Monroe, who had served as Madison's secretary of state and at times acting secretary of war during the War of 1812, became president of a nation still coming to terms with what a postwar United States should be. Monroe embraced the opportunity this unique moment afforded him and chose to rally and unify the country through an elaborate schedule of personal tours, from the oldest birthplaces of the former colonies to the newly opened West. The most significant of his tours took place in 1817 in New England, where the hottest opposition to the War of 1812 had seethed. The region was also the home of the Federalist Party, the direct competitor to Monroe's Democratic-Republicans.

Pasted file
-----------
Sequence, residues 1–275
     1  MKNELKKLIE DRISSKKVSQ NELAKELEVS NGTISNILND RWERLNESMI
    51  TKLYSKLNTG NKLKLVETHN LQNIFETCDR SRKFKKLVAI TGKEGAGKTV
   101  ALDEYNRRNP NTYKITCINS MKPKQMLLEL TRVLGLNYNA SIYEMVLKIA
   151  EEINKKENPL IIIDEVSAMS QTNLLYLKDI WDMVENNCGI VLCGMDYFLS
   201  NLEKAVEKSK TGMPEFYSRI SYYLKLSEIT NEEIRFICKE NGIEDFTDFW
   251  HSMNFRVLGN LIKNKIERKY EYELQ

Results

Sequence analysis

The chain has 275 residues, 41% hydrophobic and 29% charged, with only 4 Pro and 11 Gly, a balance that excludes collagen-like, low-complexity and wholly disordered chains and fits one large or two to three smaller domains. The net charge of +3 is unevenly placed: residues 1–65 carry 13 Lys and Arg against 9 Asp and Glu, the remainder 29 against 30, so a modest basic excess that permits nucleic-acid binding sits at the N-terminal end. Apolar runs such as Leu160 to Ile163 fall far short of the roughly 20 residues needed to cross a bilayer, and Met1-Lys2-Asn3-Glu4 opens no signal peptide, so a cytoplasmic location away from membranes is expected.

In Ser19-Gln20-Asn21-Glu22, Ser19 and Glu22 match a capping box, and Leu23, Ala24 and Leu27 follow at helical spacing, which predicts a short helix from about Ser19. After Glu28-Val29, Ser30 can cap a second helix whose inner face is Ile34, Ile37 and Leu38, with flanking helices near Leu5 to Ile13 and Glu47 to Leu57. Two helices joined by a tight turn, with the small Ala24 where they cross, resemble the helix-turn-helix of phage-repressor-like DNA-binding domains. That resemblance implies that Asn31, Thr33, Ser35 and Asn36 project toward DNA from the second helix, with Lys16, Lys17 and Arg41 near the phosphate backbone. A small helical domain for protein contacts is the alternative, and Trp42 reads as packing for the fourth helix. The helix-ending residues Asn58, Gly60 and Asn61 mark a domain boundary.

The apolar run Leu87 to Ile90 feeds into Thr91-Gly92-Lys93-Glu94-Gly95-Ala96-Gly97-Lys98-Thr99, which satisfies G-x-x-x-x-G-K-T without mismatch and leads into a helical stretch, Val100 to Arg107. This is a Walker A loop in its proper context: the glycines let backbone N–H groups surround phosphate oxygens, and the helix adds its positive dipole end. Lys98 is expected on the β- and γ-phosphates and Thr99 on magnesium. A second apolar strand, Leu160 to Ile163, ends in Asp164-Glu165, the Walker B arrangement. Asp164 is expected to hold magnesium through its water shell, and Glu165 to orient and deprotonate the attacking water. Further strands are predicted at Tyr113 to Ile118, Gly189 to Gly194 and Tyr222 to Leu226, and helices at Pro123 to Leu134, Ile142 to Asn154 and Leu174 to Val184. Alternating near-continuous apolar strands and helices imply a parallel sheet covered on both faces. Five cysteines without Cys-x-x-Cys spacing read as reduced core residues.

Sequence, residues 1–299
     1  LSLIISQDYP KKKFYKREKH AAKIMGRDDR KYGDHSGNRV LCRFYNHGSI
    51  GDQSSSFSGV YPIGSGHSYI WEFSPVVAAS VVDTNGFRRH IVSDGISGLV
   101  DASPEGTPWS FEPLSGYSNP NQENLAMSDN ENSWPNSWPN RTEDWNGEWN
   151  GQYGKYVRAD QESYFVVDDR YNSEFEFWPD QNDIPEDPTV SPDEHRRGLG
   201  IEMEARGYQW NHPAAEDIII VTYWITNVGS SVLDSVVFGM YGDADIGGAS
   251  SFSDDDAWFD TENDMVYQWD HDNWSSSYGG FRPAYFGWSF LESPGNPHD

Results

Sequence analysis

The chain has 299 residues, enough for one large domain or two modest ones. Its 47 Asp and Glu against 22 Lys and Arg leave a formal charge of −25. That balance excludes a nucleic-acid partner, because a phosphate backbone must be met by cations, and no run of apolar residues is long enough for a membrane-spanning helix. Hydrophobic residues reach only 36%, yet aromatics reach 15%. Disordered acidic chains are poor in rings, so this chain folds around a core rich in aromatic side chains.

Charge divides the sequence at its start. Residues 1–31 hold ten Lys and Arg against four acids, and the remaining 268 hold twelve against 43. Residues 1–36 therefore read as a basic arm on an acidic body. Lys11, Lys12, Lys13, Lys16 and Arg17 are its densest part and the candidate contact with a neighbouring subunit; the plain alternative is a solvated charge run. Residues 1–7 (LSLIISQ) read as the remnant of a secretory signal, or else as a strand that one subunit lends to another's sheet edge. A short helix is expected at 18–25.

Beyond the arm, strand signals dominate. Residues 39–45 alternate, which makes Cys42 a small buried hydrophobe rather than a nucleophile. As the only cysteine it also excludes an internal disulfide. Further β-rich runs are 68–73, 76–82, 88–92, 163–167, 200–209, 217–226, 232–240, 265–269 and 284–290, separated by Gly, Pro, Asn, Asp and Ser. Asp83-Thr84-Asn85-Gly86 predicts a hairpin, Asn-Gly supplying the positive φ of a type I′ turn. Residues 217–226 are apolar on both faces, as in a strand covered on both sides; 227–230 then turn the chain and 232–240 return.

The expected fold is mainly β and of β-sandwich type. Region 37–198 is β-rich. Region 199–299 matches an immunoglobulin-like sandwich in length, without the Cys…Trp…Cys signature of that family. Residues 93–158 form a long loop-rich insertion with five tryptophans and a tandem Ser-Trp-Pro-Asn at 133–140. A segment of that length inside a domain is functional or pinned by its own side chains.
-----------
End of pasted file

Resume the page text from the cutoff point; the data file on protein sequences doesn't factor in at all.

The president pursued his goal—healing the bitter rift of party factionalism so recently intensified by war—by invoking the symbol of the nation's first war hero and chief executive, George Washington. This worked on two levels: Monroe was not only the final Virginia Dynasty president, but also "the last of the cocked hats," or the last president to have served in the War of Independence. As a veteran of the Revolution and the inheritor of Washington's tradition of leadership, Monroe orchestrated every detail of his trip to New England to recall the enthusiasm and patriotism of the War of Independence. He journeyed as an independent citizen without official escort or ceremony and paid for his travel expenses out of his own pocket. Instead of the day's current fashions, he wore simple knee-buckled breeches and, significantly, three-pointed, Revolution-era hats.